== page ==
The issue: Sheriff saga continues
Some may still argue that former Stark County Sheriff Timothy Swanson is acting on principle, but it's looking more and more like spite.
County commissioners are refusing to pay Swanson's lawyers for his successful lawsuit against the appointment of George T. Maier as sheriff. In response, Swanson has upped the ante in a nonsensically vindictive way. We hope the courts back up commissioners if Swanson carries out his threat to sue for back pay — for work he didn't do.
Surely you don't want another long recap of the sheriff's office soap opera that is still unfolding after a year. If you care, you know the background; if you don't care, you're not reading this. Suffice to say:
Swanson retired at the end of 2012. Commissioners then made him interim sheriff for a few weeks because his elected successor, Michael McDonald, couldn't take office. Last February, local Democrats appointed Maier. Swanson sued, saying Maier wasn't qualified under state law. Maier served until early November, when the Ohio Supreme Court ruled in Swanson's favor. Swanson then served as interim sheriff again, for six weeks, until Democrats appointed Maier a second time.
Swanson wants commissioners to pay his legal bills because Ohio's top court said he was right about Maier's lack of one qualification (at least at the time Maier was first appointed). Commissioners say they won't cover Swanson's expenses in part because he didn't formally apply to the county to hire counsel and commissioners didn't have the chance to vote on such action before Swanson hired his lawyers.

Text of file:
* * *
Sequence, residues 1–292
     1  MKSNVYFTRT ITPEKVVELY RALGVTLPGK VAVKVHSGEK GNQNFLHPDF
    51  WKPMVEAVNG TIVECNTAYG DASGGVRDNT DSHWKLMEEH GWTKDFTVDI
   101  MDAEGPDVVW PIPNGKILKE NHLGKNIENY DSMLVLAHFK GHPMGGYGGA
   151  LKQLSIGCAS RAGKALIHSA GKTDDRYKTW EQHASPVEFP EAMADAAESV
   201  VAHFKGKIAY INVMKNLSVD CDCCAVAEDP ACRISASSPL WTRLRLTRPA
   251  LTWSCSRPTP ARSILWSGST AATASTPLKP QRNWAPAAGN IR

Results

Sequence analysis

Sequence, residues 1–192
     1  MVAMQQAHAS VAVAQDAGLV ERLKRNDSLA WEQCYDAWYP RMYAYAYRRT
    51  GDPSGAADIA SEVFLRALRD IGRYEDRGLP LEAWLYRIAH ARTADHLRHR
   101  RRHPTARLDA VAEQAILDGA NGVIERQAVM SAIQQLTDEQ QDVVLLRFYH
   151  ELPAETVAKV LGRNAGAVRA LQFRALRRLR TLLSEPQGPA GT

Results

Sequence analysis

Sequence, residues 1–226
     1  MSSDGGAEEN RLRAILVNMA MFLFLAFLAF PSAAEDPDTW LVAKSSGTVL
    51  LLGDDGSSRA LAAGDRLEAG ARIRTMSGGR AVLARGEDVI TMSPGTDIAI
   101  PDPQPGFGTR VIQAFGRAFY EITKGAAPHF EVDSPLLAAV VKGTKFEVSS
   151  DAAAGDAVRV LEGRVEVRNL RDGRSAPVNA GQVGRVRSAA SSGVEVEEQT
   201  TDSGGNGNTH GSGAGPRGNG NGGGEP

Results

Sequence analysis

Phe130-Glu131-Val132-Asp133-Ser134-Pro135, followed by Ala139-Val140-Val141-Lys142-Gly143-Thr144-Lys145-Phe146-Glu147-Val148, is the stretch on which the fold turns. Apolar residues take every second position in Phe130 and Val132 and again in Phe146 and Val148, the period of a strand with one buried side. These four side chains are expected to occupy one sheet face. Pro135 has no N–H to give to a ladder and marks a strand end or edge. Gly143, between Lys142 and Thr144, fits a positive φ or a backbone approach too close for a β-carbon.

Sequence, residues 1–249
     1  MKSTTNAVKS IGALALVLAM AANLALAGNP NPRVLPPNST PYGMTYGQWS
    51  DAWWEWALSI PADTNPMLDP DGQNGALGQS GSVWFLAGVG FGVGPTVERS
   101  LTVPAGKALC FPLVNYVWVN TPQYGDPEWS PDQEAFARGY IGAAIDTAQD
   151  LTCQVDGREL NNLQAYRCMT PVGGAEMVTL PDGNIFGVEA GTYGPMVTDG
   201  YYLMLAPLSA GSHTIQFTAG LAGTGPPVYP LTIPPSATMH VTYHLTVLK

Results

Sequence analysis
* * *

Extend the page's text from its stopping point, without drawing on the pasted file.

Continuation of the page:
So Swanson, calling this a "game" that he's willing to play, says not only will he pursue that issue, he also wants back pay for every day Maier has served as sheriff.
You heard that right: Swanson wants money for about 101⁄2 months of work that someone else has done. The Rep's Kelli Young tweeted in midweek that the cost so far would be about $102,000.
Swanson said he'd pay his lawyers and give the rest to charity, but we can't see that he has even a fraction of a leg to stand on. It's not as if Maier cheated him out of a job. In no universe did anyone — especially Swanson — want Swanson to be sheriff for any length of time after he retired.
As county Administrator Brant Luther said this week, commissioners will have to look again at their refusal to pay his legal bills if Swanson can prove they're wrong despite his failure to follow proper procedures.
Commissioners have to abide by the law. They certainly shouldn't knuckle under to an outburst of spite.